Casting slip can be bought in powdered or ready-made liquid form. You can add colorants to the slip in the form of oxides or stains.
It’s important that the slip you use fires in the same temperature range as the clay body you are using. For example, if you are using earthenware clay, buy a low fire casting slip.
Casting slip can be bought to suit different firing ranges, including earthenware, stoneware, and porcelain.
If you want to try using a casting slip as a decorating slip, it’s best to experiment on a few pieces first. Done use it on a whole kiln load of pieces before you have tried it out first. It’s best to test the clay body you are using with the casting slip you have.
Paper Clay Slip
Another option is to use paper clay slip. Paper clay slip is simply slip that contains added paper fiber. Paper clay slip is often recommended as a good way of joining pieces of greenware clay together. The reason for this is that the paper fiber in the slip gives the join a lot of additional strength.
However, adding paper fiber to slip has the added advantage of reducing the amount that the slip shrinks. And for that reason, some potters will use paper clay slip on bisque.
It is easy enough to make paper clay slip. Here are the steps that I use…
Making Paper Clay Slip
- Dry out some small pieces of the clay body that you are using. When they are bone dry, put them into a container and add some water. You don’t need a lot of water, just enough to cover the dry clay. Wait for the clay to slake down (dissolve).
- Tear up some paper and put it in some water. Allow the paper to soften in the water. Then blend the paper and water together with an electric stick blender. The liquid that you have should be smooth rather than having lumps of paper fiber in it. The amount of paper you use depends on how much slip you are making. I use sheets of toilet tissue as it dissolves quickly. A few sheets of toilet tissue for a handful of bone dry clay is about the ratio I use.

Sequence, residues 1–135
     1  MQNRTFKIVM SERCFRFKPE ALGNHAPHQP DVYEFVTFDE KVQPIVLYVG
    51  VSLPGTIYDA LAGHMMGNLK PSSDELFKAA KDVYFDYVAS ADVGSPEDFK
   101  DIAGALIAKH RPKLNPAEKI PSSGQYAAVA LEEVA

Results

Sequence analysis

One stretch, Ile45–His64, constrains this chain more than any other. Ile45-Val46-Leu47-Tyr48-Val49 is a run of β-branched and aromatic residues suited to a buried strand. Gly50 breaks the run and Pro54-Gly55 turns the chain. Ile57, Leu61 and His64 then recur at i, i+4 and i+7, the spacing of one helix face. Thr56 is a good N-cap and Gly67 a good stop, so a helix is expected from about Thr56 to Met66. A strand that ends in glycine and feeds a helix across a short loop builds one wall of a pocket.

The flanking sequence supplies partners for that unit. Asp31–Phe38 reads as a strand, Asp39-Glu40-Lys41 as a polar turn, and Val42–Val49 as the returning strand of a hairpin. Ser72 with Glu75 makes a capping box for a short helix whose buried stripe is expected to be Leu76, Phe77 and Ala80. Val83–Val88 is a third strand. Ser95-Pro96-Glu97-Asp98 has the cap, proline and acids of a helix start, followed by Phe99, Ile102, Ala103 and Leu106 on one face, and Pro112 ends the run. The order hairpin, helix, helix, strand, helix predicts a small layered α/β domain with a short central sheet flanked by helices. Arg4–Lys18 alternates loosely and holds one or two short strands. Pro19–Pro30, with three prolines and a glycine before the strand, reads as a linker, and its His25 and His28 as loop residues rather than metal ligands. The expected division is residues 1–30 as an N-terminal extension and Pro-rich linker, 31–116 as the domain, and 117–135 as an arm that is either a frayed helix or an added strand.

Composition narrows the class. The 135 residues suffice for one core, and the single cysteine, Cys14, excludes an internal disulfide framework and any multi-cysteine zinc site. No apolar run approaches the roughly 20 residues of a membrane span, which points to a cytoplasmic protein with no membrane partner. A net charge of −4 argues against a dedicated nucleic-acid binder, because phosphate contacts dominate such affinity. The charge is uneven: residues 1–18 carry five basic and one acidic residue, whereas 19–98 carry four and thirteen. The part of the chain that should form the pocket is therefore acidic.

- Add the liquid paper fiber to the clay slip and mix it together thoroughly with the hand blender.
- You can add more water if you want to thin the clay slip down. Equally, if the mixture is too thin, let it sit for a while. The clay and paper will settle and you will be able to siphon any excess water off the top.
Making your Own Bisque Slip
Some slip is specially formulated to be used on bisqueware. This is known a bisque slip. Bisque slip is typically much thinner than regular decorating slip.
You can alter decorating slip so that it has the thickness you want. Slip that is used for slip trailing is normally quite thick. This is because you want it to have a raised texture on the pottery. Whereas clay slip that is being airbrushed or sprayed onto pottery needs to have a thinner consistency.
However, bisque slip really does need to have a much thinner consistency than a normal decorating slip.
If you want to experiment with making your own bisque slip there are plenty of recipes online. You could start out experimenting with the slip that you normally use. Try thinning it out with water and applying that slip on bisque. You might have some success. With ceramics, you often don’t know what you will get until you try it out. So why not test it on a small test tile and see what the results are?
Alternatively, you might want to dive straight into making your own bisque slip. The glazy.org website is a good place to start looking for bisque slip recipes. Simply type bisque slip into their search bar and you will find a selection of recipes.
You will find Johnston’s White Slip for Biscuit on Glazy. Here is the recipe:
Applying slip on bisque is not without its problems. If you simply apply your regular decorating slip on bisqueware the slip is likely to crack off as it dries. However decorative slip has a lovely rich, velvety look that you may prefer to underglaze. If you want to try applying slip on bisque, it’s worth giving some of the suggestions made above a go.